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Biggest disaster ever? PG&E wildfire costs at $2.5 billion and climbing

Digging through the ashes near Coffey Park

Chris Bipes, his wife, Kim, and his neighbor, Craig Lowry, dig through the ashes of his home near Coffey Park in hopes of finding valuables such as his coin collection and other items on Monday in Santa Rosa.
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Chris Bipes, his wife, Kim, and his neighbor, Craig Lowry, dig through the ashes of his home near Coffey Park in hopes of finding valuables such as his coin collection and other items on Monday in Santa Rosa.

Facing one of the largest financial disasters in its history, PG&E Corp. warned Thursday that claims from last fall's deadly wine country wildfires will probably exceed $2.5 billion.

The besieged utility, whose transmission lines and other equipment have already been blamed by state investigators for many of last October's fires, said in a filing with the Securities and Exchange Commission that it will take a $2.5 billion charge against profits for the quarter that ends June 30. "This expected charge corresponds to the lower end of the range of PG&E Corporation and the utility's reasonably estimated losses, and is subject to change," the company said.

"At this point, we are unable to estimate the high end of the range," said PG&E chief financial officer Jason Wells in a conference call with investment analysts. Besides the state investigation, the utility has been sued more than 200 times in connection with the fires, which killed 44 people.

State officials have said the property damages from last October's fires could top $10 billion.

Notably, PG&E's estimate of its losses doesn't include any potential liability from the Tubbs Fire, the most destructive of last October's fires. The SEC filing said PG&E believes a financial loss from Tubbs isn't "probable." But when asked about it by analysts, Wells said PG&E omitted any estimates because "it's early to assess the cause of Tubbs."

At $2.5 billion, the loss would swamp the $840 million in insurance carried by PG&E. It's the equivalent of nearly two years' worth of profits for the company, and would exceed the $1.6 billion PG&E paid in fines, settlements and other costs from the deadly natural gas explosion in San Bruno in 2010. That was one of the biggest single financial losses in the company's history and prompted PG&E's chief executive at the time, Anthony Earley Jr., to publicly float the idea that the utility could be forced into bankruptcy.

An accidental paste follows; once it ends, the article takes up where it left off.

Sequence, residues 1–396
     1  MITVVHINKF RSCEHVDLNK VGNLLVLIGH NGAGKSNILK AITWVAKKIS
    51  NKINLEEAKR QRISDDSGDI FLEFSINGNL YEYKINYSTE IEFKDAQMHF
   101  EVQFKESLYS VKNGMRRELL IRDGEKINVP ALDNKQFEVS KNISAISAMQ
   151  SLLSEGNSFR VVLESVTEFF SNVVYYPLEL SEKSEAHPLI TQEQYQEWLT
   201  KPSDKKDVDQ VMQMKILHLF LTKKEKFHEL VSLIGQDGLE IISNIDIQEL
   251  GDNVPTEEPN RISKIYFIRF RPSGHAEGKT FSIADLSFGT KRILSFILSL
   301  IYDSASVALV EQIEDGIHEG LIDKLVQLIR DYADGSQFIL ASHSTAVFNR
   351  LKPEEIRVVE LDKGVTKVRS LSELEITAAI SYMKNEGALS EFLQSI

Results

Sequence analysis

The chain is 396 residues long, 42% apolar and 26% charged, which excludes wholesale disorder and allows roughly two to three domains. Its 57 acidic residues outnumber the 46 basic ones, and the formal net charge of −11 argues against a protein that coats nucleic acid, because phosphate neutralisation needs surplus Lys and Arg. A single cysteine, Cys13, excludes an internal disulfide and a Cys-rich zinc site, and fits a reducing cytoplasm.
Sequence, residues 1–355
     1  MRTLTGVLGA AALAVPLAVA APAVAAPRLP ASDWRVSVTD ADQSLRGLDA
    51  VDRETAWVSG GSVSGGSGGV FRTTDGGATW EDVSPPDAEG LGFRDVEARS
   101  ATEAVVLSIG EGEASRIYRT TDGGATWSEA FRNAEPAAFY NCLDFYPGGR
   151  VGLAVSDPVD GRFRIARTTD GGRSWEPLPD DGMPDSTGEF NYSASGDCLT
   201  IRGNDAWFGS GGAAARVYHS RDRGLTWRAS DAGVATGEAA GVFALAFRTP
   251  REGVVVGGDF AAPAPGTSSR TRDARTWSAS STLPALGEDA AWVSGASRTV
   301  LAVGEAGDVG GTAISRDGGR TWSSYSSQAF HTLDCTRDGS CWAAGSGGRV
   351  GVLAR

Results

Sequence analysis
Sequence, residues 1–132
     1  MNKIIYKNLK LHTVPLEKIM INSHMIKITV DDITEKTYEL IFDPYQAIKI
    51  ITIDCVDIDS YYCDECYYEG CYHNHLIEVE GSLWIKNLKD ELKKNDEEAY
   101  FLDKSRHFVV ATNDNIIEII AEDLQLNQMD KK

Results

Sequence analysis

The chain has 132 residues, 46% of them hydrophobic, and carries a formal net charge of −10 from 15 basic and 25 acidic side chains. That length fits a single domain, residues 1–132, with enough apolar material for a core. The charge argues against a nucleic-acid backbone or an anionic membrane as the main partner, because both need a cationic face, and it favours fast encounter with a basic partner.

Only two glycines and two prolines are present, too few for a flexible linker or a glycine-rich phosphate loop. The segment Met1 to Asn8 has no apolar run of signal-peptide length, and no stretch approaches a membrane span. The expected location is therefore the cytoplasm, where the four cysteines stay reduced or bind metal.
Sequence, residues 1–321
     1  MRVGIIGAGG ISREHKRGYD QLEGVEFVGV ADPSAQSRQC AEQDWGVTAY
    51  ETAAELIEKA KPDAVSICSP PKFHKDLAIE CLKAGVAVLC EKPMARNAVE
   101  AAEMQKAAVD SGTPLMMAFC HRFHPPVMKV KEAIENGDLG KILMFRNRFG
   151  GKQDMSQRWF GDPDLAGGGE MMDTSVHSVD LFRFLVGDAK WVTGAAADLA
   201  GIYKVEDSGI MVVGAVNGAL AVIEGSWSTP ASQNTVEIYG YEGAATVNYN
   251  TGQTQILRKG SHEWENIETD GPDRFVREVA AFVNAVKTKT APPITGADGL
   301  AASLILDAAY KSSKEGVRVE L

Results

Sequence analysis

Current CEO Geisha Williams, asked Thursday about a bankruptcy filing, noted the utility is lobbying state legislators for relief from wildfire liability and alluded to PG&E's 2001 bankruptcy during the energy crisis. "Many of the lawmakers in California vividly remember the energy crisis...so the topic does come up in our conversations," she said.

PG&E has been trying to convince legislators to reduce its wildfire liability by changing a state policy known as "inverse condemnation." Under that doctrine, utilities can be forced to pay damages if the fire is caused by its equipment, even if investigators can't show the company was negligent. PG&E and other utilities are arguing that 2017's wildfires, which caused billions in damages in Northern and Southern California, were largely the result of climate change and other factors beyond their control.

"We're in an increased wildfire ... risk situation," Williams said. "This is going to be a perennial issue." But she acknowledged that Cal Fire's findings won't help PG&E's cause in the Legislature.

"Things will likely be more difficult for us on the legislative front, given the negative media and the headlines," she said.

Wells indicated that PG&E might seek to recover some of the costs from ratepayers. But he noted that the Public Utilities Commission, in a closely watched case last November, denied San Diego Gas & Electric Co.'s request to charge customers for some of the costs of a 2007 wildfire.

Cal Fire has already blamed Pacific Gas and Electric Co.'s power poles, transmission lines and other equipment for 15 of last October's fires. That includes the Atlas Fire, which swept through Napa and Solano counties, which burned 50,000 acres and killed six people. PG&E, however, said it doesn't think it will face any liability for the Atlas blaze.

The state agency hasn't yet made a finding on the Tubbs fire, which killed 24 people and destroyed 5,000 homes in the area around Santa Rosa. That accounted for more than half of the 44 fatalities in what is widely considered the worst set of wildfires in California history.

PG&E has already suspended its dividend to shareholders as it braces for the onslaught of claims, a move that will save $1 billion a year. At the same time, the utility has declined to say it's at fault for the wildfires and noted in its SEC filing that it doesn't have "access to the evidence collected by Cal Fire as part of its investigation or to the investigation reports for the fires Cal Fire has referred to the county district attorneys."

The $2.5 billion charge announced Thursday is a non-cash cost that will erase profits in the current quarter, although PG&E doesn't expect to begin actual payouts anytime soon.

"As far as cash out the door, it's going to be years," Williams said.

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